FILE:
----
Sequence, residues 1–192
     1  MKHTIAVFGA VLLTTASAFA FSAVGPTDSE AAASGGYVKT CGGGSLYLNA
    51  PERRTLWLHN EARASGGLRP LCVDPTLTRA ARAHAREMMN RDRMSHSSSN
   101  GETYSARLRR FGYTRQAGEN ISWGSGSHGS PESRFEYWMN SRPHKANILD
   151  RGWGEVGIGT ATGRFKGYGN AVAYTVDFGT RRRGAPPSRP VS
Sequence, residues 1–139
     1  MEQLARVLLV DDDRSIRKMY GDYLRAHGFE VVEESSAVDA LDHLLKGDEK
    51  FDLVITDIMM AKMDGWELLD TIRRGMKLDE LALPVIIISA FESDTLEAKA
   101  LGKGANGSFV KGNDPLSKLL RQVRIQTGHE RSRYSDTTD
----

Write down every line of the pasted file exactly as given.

Sequence, residues 1–192
     1  MKHTIAVFGA VLLTTASAFA FSAVGPTDSE AAASGGYVKT CGGGSLYLNA
    51  PERRTLWLHN EARASGGLRP LCVDPTLTRA ARAHAREMMN RDRMSHSSSN
   101  GETYSARLRR FGYTRQAGEN ISWGSGSHGS PESRFEYWMN SRPHKANILD
   151  RGWGEVGIGT ATGRFKGYGN AVAYTVDFGT RRRGAPPSRP VS
Sequence, residues 1–139
     1  MEQLARVLLV DDDRSIRKMY GDYLRAHGFE VVEESSAVDA LDHLLKGDEK
    51  FDLVITDIMM AKMDGWELLD TIRRGMKLDE LALPVIIISA FESDTLEAKA
   101  LGKGANGSFV KGNDPLSKLL RQVRIQTGHE RSRYSDTTD